As part of her 2024 State of the State address on Jan. 9, Gov. Hochul announced a plan to offer the top 10% of New York high-school seniors direct admission to the State University of New York (SUNY) system.
“Access to higher education,” Hochul said, “has the potential to transform the lives of young New Yorkers and change the trajectory of a student’s life.”
Hochul’s announcement comes on the heels of Students for Fair Admissions v. President and Fellows of Harvard College, a 2023 US Supreme Court decision that struck down the use of race-based preferences for blacks, Hispanics, and other “underrepresented” minorities in college admissions.
Hochul’s announcement was met with skepticism from some advocates of colorblindness, who suspect the governor’s Top 10 Percent Plan is a backdoor effort to continue the decades of Affirmative Action that penalized whites and Asian Americans in the Empire State.
These skeptics point to the demographics of high schools that are considered “feeders” to the top-ranked SUNY campuses, Binghamton University and Stony Brook University.
Feeder schools tend to have student bodies that are predominantly white and Asian, while non-feeder schools are predominantly black and Hispanic.
Under Hochul’s Top 10 Percent Plan, there is a chance that fewer students from predominantly white and Asian schools will gain admission to Binghamton and Stony Brook; meanwhile, more students from predominantly black and Hispanic schools could be admitted than in years past.
But that does not mean advocates of colorblindness should reject Hochul’s plan outright — at least not in the short run.
The state of Texas’s experience with a percentage plan for college admissions, the plan after which Hochul’s new policy is modeled, helps to illustrate why.
In 1997, the Texas legislature became the first in the nation to pass a percentage plan for college admissions.
The plan, House Bill 588, was signed into law by then-Gov. George W. Bush and guarantees the top 10% of Texas high school seniors automatic admission to any four-year public college or university in the state.
Texas’s Top 10 Percent Plan was passed shortly after the state invalidated the use of affirmative action in its public colleges and universities in 1996.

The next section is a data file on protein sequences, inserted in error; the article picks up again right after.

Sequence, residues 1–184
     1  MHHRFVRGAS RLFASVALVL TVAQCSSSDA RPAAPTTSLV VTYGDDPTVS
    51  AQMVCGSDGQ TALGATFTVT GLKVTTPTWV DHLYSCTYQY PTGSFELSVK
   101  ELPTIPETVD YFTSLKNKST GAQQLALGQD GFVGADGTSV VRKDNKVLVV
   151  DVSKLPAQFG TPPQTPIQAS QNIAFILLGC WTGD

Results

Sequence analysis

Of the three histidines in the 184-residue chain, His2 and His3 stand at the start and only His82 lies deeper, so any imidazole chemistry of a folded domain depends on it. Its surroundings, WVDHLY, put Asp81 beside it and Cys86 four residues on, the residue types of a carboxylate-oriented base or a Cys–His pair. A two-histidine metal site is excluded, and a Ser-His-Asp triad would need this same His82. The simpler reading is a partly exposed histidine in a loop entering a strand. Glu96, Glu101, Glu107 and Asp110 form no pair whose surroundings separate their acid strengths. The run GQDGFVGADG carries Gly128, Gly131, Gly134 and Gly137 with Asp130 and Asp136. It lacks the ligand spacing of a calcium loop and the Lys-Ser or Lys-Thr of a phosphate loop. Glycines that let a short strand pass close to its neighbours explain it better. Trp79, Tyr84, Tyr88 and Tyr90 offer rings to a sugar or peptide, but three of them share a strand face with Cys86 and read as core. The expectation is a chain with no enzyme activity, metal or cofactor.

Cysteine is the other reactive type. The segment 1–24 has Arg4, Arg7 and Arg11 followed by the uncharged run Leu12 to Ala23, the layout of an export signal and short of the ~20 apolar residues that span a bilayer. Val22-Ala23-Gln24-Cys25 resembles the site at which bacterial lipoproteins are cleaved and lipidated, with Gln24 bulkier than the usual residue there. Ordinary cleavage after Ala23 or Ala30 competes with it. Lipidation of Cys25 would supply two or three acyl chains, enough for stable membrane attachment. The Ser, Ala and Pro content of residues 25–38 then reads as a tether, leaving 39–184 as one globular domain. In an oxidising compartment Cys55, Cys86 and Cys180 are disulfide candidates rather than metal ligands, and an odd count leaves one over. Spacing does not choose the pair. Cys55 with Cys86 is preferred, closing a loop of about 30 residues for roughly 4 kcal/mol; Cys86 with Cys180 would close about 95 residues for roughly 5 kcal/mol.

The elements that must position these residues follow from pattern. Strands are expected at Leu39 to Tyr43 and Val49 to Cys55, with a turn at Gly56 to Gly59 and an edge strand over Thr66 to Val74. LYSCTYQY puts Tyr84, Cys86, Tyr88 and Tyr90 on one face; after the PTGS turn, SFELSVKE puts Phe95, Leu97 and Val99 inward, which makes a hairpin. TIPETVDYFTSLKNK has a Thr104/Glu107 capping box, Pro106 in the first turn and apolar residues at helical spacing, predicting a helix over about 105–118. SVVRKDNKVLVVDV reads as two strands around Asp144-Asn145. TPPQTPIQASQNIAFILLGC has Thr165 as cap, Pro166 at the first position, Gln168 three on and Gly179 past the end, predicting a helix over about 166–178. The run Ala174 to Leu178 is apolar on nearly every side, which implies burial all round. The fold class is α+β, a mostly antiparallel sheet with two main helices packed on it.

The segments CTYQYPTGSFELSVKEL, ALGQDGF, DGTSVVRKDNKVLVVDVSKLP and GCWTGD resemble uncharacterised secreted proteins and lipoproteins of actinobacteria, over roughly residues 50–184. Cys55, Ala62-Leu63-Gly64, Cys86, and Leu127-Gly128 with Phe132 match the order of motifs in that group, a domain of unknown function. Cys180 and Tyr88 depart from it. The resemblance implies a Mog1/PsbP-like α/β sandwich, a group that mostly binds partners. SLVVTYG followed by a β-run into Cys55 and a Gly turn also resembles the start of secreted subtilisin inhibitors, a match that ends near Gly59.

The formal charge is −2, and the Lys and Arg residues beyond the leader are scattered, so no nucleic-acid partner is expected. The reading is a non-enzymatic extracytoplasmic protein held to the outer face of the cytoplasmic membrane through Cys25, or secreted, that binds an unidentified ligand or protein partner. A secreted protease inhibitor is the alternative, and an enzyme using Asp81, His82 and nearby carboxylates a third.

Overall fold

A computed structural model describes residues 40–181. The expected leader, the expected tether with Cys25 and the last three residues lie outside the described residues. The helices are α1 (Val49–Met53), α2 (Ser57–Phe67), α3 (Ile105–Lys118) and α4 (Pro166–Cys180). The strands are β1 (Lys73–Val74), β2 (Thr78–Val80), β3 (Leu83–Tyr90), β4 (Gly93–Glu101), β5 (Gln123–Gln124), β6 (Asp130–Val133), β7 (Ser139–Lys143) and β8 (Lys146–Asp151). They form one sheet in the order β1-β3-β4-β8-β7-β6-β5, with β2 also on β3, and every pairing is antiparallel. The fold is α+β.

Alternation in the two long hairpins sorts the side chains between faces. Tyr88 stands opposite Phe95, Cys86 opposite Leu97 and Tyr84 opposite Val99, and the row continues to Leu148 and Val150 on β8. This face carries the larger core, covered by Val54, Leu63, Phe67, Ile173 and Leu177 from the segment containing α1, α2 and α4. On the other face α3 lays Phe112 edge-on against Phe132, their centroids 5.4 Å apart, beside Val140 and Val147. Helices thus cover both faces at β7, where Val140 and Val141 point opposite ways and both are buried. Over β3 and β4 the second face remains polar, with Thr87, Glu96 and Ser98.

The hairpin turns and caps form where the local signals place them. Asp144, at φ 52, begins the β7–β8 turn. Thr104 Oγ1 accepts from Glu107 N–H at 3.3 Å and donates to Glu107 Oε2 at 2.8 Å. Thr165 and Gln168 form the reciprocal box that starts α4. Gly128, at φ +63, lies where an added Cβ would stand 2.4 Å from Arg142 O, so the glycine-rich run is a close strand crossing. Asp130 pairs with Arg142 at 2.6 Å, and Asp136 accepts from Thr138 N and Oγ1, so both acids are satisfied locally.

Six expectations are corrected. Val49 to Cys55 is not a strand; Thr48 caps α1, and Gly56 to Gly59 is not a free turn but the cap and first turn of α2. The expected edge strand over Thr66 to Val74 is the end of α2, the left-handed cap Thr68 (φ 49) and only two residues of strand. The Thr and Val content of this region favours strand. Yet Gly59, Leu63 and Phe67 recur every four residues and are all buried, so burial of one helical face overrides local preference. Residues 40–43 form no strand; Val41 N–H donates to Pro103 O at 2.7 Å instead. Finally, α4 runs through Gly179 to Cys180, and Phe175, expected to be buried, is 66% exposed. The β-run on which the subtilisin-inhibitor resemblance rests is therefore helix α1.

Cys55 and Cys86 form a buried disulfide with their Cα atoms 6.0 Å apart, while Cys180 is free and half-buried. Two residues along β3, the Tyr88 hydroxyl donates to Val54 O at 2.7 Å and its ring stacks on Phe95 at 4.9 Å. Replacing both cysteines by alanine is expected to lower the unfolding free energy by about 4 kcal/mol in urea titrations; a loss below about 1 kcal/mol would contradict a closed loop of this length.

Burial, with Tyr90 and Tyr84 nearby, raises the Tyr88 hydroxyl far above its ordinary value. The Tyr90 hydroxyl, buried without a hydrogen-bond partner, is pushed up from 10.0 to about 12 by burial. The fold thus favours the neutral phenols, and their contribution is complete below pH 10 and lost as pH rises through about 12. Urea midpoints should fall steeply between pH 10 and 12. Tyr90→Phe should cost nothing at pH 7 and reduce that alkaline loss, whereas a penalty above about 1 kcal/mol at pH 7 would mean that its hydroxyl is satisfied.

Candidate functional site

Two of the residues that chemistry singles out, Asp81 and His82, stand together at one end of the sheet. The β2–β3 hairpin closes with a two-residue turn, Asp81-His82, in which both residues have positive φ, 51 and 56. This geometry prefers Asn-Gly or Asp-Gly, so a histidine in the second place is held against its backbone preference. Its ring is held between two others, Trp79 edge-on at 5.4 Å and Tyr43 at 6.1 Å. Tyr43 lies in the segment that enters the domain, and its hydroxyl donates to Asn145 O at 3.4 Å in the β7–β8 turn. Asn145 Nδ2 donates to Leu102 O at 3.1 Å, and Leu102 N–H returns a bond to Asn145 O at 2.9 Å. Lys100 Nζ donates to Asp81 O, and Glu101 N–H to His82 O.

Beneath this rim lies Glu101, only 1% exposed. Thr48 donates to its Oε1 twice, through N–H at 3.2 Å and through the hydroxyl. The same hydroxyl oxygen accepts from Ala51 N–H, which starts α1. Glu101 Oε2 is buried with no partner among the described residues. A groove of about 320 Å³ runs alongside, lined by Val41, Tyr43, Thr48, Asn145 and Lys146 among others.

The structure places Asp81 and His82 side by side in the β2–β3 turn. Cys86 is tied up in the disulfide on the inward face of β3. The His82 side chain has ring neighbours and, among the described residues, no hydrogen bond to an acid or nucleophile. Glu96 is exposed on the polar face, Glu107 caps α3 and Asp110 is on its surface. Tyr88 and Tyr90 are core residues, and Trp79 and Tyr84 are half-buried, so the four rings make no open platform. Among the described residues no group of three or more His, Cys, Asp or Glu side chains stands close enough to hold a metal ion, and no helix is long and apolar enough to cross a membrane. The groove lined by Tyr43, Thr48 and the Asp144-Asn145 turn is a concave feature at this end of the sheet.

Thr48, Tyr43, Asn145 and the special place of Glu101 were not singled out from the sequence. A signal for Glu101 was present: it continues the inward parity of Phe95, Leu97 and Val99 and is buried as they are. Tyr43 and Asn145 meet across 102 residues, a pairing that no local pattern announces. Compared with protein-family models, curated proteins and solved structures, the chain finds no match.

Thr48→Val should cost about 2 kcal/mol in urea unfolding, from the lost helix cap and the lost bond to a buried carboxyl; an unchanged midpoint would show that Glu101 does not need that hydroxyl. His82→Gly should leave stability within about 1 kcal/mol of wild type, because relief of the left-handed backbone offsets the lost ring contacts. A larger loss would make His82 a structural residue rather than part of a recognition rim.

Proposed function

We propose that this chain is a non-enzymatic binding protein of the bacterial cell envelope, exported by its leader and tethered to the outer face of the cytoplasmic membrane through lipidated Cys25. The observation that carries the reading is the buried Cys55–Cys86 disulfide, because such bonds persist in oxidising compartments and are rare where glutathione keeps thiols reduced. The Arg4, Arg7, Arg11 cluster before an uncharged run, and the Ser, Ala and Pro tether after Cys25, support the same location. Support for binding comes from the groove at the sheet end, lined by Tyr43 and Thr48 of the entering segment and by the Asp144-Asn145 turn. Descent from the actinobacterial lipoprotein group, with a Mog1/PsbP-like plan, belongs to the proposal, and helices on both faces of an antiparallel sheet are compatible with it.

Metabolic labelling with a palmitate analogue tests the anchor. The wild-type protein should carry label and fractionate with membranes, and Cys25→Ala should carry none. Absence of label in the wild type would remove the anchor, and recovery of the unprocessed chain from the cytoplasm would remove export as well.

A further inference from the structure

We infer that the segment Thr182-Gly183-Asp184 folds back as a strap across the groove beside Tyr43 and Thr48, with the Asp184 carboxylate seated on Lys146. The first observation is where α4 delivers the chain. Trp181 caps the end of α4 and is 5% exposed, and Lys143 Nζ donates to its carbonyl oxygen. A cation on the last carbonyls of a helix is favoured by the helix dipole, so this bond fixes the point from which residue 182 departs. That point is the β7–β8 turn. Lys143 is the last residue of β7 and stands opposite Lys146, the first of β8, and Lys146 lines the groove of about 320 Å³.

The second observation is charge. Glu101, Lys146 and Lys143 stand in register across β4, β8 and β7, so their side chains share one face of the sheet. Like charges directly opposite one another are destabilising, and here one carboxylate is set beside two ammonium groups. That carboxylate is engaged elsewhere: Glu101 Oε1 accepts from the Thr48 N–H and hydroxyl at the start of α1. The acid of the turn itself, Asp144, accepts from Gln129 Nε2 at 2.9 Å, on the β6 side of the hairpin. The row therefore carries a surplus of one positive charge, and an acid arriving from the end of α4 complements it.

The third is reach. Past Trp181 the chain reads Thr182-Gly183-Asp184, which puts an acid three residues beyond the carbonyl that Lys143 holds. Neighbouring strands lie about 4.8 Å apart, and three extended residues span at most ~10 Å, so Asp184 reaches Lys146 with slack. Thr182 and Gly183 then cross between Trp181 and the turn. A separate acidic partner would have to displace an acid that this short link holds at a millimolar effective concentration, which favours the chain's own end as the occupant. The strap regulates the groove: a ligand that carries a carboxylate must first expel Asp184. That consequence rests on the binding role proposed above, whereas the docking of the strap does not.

In the following years, acceptance rates for underrepresented minorities declined at two of the state’s most selective schools – the University of Texas at Austin (UT) and Texas A&M University in College Station (TAMU).
In the years since the Texas legislature passed its Top 10 Percent Plan, UT and TAMU have been unable to recover that lost racial and ethnic diversity.
But the percentage plan has been able to “increase access” in other, race-neutral ways.
A 2022 analysis by education researchers Daniel Klasik and Kalena Cortes found the plan furthered the likelihood that high schools from non-suburban (aka heavily minority) areas of Texas would send students to UT and TAMU, albeit modestly.
In a similar vein, Texas high schools with no prior pattern of sending students to UT and TAMU were more likely to do so once the Top 10 Percent Plan was implemented.
Both are clear wins.
Moreover, Samuel Alito, one of the Court’s most conservative justices, praised the Texas plan in a dissent in 2016’s Fisher v. The University of Texas at Austin (which was another Supreme Court challenge to Affirmative Action).
Alito noted, for example, that “African-American and Hispanic students admitted under the Top Ten Percent Plan receive higher college grades than the African-American and Hispanic students admitted under the race-conscious program.” Another win.
Ever since the Supreme Court struck down the use of affirmative action in college admissions last term, institutions of higher education have been hard at work devising ways to sidestep the ruling.
Encouraging students to write about their race or ethnicity in application essays appears to be the most popular workaround.
Percentage plans for college admissions are not perfect.
For instance, because these plans only take a student’s class rank into account, they ignore the student’s SAT/ACT scores, which can be predictive of how one will fare in college.
That said, a “Top X Percent Plan” is, in principle, meritocratic.
The same cannot be said for race-based essay prompts and other workarounds.
The fight to reform American higher education clearly remains a work in progress.
But for the time being, advocates of colorblindness would be wise to not let “perfect” be the enemy of “good.”
Renu Mukherjee is a Paulson Policy Analyst at the Manhattan Institute.